Abstract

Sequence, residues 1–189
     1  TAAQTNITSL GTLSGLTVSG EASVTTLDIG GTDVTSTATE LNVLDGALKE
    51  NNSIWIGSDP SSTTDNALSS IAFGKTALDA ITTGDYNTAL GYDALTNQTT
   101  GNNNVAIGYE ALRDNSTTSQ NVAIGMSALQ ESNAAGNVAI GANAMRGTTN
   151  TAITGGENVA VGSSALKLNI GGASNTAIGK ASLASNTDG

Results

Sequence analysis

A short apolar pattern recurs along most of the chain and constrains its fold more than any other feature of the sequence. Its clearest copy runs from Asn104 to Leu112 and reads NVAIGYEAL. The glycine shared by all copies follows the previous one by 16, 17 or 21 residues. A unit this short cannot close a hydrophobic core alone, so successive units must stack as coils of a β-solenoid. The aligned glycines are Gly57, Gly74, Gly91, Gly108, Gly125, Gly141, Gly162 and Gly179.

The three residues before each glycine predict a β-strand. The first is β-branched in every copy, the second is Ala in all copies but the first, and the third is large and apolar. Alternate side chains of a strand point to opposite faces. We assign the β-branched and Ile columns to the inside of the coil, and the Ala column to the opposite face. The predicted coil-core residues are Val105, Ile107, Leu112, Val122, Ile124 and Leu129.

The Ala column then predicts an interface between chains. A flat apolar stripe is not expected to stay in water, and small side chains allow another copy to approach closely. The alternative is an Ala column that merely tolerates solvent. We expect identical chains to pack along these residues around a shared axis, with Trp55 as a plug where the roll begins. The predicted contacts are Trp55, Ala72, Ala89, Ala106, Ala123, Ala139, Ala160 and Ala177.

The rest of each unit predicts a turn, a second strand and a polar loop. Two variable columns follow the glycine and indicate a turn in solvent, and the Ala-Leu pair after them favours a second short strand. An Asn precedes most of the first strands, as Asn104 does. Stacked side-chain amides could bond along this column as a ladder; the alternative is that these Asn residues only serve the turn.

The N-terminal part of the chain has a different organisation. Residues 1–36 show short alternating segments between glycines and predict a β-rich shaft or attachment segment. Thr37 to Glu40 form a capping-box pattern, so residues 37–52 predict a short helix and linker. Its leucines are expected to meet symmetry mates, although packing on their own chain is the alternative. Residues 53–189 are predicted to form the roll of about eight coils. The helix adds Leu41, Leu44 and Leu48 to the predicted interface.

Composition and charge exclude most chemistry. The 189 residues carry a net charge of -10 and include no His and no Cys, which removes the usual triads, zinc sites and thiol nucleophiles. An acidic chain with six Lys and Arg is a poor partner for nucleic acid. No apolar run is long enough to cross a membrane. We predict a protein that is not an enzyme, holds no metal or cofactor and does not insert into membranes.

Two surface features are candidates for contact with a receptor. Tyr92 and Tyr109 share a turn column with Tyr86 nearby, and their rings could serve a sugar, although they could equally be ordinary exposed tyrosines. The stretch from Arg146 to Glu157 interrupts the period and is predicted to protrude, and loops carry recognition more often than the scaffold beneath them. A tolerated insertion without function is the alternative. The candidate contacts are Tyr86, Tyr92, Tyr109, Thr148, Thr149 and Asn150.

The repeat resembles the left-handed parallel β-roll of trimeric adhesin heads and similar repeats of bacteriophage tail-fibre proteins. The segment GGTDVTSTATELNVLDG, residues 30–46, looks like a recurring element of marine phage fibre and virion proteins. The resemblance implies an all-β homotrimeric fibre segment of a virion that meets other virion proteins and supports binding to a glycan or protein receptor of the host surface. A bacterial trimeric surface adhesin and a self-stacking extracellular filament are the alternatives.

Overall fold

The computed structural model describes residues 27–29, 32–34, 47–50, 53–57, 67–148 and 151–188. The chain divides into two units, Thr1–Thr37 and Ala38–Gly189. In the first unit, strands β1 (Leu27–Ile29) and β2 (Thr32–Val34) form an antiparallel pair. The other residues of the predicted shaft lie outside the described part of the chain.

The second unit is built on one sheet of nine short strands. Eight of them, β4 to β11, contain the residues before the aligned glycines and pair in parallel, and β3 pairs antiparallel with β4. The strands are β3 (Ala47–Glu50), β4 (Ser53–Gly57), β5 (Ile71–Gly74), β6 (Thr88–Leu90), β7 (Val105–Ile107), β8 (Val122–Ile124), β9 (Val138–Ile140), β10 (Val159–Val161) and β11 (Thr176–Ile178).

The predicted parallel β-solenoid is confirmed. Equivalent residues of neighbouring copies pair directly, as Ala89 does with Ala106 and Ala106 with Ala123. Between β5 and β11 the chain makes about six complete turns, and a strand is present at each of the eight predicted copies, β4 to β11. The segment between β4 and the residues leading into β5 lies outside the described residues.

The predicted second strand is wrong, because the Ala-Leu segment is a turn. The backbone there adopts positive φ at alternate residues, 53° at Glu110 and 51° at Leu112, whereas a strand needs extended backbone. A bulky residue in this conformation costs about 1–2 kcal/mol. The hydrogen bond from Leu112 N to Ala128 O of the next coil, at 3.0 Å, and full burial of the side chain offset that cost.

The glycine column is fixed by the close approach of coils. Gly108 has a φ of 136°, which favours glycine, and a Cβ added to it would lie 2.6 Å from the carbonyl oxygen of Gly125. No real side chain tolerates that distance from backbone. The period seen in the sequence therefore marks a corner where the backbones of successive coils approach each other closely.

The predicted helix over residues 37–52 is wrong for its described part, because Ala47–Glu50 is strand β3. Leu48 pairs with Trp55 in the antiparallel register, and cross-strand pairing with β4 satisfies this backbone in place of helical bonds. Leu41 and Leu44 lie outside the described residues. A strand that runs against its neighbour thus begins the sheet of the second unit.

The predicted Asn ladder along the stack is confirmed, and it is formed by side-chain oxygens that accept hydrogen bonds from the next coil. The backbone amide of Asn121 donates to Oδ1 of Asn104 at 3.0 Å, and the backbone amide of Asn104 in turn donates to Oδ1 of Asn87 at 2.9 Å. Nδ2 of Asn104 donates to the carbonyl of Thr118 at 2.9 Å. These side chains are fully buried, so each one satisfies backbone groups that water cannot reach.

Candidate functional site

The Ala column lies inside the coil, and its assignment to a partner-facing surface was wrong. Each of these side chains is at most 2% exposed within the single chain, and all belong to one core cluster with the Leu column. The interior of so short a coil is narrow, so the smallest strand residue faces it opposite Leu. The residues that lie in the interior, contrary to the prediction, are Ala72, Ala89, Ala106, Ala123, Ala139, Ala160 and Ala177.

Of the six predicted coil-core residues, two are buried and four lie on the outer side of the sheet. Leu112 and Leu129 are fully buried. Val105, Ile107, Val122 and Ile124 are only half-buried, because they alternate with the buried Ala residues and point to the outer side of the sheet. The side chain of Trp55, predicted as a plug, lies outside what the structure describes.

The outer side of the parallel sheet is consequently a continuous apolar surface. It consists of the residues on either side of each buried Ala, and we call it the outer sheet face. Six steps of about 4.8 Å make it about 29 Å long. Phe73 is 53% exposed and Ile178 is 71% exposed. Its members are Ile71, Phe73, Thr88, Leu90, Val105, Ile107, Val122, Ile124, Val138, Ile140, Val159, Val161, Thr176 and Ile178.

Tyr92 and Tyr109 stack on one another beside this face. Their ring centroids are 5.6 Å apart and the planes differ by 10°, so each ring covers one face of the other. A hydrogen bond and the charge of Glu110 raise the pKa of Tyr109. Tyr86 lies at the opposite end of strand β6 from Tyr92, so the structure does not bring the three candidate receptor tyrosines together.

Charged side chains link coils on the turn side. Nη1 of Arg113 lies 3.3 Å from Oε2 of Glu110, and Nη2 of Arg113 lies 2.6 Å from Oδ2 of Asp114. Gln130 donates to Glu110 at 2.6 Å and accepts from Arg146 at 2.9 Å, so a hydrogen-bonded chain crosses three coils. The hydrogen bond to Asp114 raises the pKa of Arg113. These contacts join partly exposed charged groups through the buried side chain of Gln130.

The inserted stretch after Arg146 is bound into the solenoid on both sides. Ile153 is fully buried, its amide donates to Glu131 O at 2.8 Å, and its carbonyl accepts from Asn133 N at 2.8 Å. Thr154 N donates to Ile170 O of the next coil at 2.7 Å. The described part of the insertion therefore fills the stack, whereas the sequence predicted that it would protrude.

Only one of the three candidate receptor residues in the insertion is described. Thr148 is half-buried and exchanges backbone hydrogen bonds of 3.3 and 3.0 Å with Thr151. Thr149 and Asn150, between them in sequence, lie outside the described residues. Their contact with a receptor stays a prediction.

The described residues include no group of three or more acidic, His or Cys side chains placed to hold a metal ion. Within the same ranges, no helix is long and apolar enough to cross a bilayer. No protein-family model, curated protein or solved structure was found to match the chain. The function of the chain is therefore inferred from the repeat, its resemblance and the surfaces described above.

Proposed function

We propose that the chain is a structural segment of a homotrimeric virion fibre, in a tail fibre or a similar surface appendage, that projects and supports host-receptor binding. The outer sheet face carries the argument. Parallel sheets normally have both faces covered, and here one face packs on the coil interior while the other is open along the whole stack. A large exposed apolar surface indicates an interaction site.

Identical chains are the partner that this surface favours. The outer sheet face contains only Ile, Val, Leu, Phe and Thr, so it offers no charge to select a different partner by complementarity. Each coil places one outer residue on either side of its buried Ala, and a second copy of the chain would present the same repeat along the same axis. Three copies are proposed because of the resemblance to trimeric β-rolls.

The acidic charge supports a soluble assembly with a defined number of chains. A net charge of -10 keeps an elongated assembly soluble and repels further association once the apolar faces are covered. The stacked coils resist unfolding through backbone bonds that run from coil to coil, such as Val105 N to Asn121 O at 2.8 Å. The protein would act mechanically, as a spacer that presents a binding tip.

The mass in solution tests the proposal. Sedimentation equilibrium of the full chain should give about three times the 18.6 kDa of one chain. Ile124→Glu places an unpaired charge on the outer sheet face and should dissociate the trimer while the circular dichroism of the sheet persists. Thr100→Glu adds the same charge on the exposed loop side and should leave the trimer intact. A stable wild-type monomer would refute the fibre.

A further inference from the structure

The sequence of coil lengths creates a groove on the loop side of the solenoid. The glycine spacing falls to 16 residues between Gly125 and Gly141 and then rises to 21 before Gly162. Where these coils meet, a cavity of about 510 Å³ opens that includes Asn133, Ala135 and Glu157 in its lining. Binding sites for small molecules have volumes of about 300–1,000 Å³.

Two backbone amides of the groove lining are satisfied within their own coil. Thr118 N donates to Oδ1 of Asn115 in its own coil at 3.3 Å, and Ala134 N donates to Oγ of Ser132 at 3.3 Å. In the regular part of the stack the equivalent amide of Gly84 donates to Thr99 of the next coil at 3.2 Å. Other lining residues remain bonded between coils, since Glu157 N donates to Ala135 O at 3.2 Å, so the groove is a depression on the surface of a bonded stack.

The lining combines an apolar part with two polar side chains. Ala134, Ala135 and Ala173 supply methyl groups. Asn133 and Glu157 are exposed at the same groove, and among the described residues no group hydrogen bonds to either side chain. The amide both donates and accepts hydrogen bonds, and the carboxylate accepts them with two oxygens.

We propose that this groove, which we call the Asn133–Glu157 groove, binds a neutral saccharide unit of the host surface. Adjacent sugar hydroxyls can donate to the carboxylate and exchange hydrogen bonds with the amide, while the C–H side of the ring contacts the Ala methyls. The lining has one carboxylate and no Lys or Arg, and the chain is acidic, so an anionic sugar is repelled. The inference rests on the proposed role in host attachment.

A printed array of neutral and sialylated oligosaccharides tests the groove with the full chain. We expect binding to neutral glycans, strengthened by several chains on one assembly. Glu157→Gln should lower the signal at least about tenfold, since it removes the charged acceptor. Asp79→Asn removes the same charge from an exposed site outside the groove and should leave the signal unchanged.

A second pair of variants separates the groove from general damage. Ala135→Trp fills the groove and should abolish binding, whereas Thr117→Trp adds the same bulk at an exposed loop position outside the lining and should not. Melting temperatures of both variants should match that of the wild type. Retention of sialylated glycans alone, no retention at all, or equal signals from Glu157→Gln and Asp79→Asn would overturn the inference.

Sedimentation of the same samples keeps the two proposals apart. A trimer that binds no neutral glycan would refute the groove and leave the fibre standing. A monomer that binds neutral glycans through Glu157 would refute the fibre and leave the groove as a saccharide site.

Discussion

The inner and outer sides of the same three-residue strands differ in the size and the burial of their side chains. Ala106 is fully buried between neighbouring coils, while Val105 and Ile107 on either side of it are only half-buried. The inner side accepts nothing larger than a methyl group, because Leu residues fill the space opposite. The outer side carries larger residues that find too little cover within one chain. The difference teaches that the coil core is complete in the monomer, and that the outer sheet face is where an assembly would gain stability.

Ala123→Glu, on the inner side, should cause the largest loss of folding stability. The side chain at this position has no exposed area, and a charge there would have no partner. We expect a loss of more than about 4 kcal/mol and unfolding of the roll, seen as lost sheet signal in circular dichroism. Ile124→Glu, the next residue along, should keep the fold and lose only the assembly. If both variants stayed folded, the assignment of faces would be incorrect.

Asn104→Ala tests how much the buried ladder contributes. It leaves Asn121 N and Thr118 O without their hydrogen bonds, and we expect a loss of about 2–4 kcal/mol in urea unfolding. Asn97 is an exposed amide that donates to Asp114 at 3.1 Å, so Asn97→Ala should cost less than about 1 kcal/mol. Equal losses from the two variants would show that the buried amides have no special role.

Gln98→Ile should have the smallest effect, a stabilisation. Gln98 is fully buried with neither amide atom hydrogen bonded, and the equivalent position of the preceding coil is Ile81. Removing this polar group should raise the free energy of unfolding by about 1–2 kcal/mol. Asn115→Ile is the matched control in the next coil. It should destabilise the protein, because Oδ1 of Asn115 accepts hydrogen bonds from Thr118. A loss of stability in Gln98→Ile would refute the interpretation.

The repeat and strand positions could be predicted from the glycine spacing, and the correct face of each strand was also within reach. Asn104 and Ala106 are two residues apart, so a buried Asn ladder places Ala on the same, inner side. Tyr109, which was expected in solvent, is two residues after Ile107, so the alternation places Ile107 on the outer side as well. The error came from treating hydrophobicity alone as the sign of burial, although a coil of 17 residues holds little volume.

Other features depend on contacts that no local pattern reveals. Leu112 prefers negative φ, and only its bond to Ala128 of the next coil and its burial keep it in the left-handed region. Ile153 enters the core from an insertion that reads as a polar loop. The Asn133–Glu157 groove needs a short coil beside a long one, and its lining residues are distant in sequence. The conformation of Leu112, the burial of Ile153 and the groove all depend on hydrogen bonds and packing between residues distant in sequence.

The present study attempts an application of Fourier transform infrared (FT-IR) spectroscopy in conjunction with multivariate curve resolution (MCR) techniques to explore the structural evolution of isotactic polystyrene (iPS) during the cold crystallization process. The focus of the present study is placed on the performance of MCR techniques, e.g., orthogonal projection (OP), alternating least squares (ALS), and fixed-size moving window evolving factor analysis (FSMWEFA), and the interpretability of spectral changes in the investigated chemical process. As a result, valuable information and conclusions about the structural evolution of iPS during the crystallization process can be extracted: when the amorphous phase of iPS changes, the ordering of the phenyl rings takes place first, and then the polymer chains adjust their local conformations to form short 3<sub>1</sub> helix structures. Furthermore, according to intensity profiles of the spectral variations, the ordering of the phenyl rings proceeds more intensely than the formation of ordered local chains, and the structural evolution of iPS occurs even during the induction period. The spectral variations resulting from the conformational changes in the 3<sub>1</sub> helical structures depend on the sequence length of the helical chains: the longer the polymer chain is, the smaller the corresponding band variations are. It has been demonstrated that the combination of FTIR spectroscopy and chemometric MCR techniques is very promising for the analysis of the crystallization process of polymers. MCR is a powerful tool for analyzing and visualizing spectral data and integrating them with other information, making spectral intensity variations more amenable to interpretation in order to explore the molecular dynamics of polymers.

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